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Red Runs Through Us All

It is an interesting time to put out a play about 1918 Valdosta, Ga 100 years almost to the day. Why this, why now, are something every playwright, actor, and creative struggles with when birthing a project.

 

I am sure LeKethia Dalcoe, the playwright in question, succumbed to some night of worry as to whether her period piece A Small Oak Tree Runs Red would stand the test of time. Fortunately, the artistic point of view of this powerful play, rumbles through the minutes with a timeless urgency and frightening funhouse mirror reflection of present day.

 

The story centers around Mary, played by Kyra Riley, who finds herself trapped in a place with her friend Sidney, played by Yusef Miller. They are both the same and yet, somehow different. Memories are fuzzy and literal pieces that need to be gathered along the way to discover their past and hopefully their future.

 

The setting alternates from this mystery place to Mary’s home where she and her loving husband Hayes, played by R.J. Foster, await the brith of their child. They live a humble, God fearing life, with virtue and integrity. Their dear friend Sidney, is a man troubled by his station and his lack of humanity. His rage is like a cloak that settled on his body long ago, that sooner or later was going to get caught on something.

 

The story is a mystery, so I will let it remain one. What I can say is that Mary is seeking her loved ones, and Sidney is seeking redemption. Their intersection is vital, terrifying to watch, and also  impossible to look away.

 

The Billie Holiday Theater has been home to many amazing shows, some biographical, many political. This play is one of the company’s boldest choices. The audience, the Black audience, mind you, is forced to deal with hefty questions about religion, God, afterlife, love, womanhood, manhood, spirits.

 

 

Just one of those things would be enough to take up a play. But Dalcoe’s words weave universe, time, and terror in an intoxicating web.

 

Riley is tasked with being the one to tamp down her rage. She must endure and teach humility for the survival of her family. Her character is the heart of the piece, because she is the one who seeks the higher ground in every situation. She is the hopeful one despite being disappointed by people over and over again.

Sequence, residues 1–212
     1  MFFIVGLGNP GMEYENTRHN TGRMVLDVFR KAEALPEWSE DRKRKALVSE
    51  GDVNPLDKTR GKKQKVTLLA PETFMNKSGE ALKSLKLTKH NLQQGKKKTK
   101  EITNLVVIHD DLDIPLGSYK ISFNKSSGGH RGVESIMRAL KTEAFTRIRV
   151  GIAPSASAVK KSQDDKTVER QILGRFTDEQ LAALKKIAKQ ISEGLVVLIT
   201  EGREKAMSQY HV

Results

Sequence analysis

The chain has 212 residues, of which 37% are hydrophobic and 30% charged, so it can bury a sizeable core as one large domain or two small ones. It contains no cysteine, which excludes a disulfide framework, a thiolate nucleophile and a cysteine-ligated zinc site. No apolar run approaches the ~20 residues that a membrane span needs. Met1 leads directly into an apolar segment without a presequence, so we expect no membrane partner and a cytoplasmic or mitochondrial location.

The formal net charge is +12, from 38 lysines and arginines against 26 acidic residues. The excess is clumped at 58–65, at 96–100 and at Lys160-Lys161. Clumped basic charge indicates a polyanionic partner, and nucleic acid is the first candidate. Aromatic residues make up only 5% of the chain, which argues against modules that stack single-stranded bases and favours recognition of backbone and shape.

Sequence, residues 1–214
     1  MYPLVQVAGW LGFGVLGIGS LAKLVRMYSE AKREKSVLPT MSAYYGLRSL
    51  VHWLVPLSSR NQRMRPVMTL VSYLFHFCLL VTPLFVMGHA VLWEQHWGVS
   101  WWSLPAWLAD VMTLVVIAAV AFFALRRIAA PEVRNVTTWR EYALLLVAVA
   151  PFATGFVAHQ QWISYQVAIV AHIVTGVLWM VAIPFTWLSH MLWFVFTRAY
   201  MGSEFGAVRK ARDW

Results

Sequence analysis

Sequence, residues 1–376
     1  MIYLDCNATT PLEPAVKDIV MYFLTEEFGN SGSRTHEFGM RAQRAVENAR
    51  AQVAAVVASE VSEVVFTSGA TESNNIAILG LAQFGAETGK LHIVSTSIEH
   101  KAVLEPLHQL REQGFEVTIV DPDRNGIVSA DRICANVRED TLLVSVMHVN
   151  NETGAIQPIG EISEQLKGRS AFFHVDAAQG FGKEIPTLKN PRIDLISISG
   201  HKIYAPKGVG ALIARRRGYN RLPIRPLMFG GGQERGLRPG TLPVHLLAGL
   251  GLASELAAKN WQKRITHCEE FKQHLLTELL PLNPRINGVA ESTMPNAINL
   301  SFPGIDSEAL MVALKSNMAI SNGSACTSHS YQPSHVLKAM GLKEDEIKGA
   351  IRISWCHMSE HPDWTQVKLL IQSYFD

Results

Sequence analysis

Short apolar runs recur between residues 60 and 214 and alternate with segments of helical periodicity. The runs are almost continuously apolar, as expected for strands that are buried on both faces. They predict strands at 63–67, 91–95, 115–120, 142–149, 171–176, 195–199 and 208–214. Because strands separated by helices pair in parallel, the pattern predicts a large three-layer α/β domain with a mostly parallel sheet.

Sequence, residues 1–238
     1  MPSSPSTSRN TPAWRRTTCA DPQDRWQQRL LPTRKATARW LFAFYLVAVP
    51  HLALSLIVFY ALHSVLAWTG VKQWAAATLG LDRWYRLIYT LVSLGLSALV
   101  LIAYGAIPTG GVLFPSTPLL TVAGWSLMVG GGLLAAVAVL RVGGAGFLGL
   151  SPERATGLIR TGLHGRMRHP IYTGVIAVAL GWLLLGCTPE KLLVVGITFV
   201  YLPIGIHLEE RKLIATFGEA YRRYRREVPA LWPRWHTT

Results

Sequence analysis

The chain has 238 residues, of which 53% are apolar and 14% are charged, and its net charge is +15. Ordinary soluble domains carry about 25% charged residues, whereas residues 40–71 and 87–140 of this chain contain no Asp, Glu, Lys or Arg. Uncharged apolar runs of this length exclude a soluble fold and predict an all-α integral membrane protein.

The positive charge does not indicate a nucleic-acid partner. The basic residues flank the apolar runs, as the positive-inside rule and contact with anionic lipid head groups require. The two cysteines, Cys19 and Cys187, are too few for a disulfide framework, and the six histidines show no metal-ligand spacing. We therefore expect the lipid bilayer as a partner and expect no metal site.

Foster pumps in vitality into a performance of a husband who constantly sees his role usurped by the white man. He is human with emotions too. He wants to be something more than he will ever be allowed to be, because he has to be there for his family first.

 

It is Miller who carries the weight of the show. It is not just because his actions trickle down to everyone involved. But also his entire body has to perform. With a dancer’s build, he becomes muse to the words at times, having to tell portions of the story with a tap of his foot, or with a twist of his neck, or a bend of his hip.

 

He gets to get the most laughs as well because he is able to turn a line inside out as quick as he is to bend his arm. For almost the entire show most of his body is moving in different directions. Its a hard thing to see at times, but always entertaining.

 

Director Harry Lennix, is known by most from  such uber blockbusters as The Matrix Reloaded, Ray, Love and Basketball, State of Play and The Five Heartbeats. But it is clear that theater is forever in his heart. He takes a larger than life subject like TK, and whittles it down to humans in a room. Even when that very idea is questioned.

 

The set is – and music is – tamped up to horror movie status, at times pulling away from the already terrifying subject matter.

 

The direction and actors keep us in focus on the prize which has alway been our humanity and our souls.

 

Black bodies have forever been an evolving system of our country. Those bodies made this country. Those bodies fought to be considered bodies not properties. Those bodies hung on trees, were shot in the street, many times for no other reason than they were Black bodies. And if you think the book is closed on that chapter you obviously do not have a social media account. The suffering of the Black body continues long after the date when this play was set.

 

A Small Oak Tree Runs Red runs through March 4th 2018

Billie Holiday Theatre

13689 Fulton St.

Brooklyn, NY 11216

@BHolidayTheatre

Thebillieholiday.org

 

Cover photo courtesy of The Chicago Tribune

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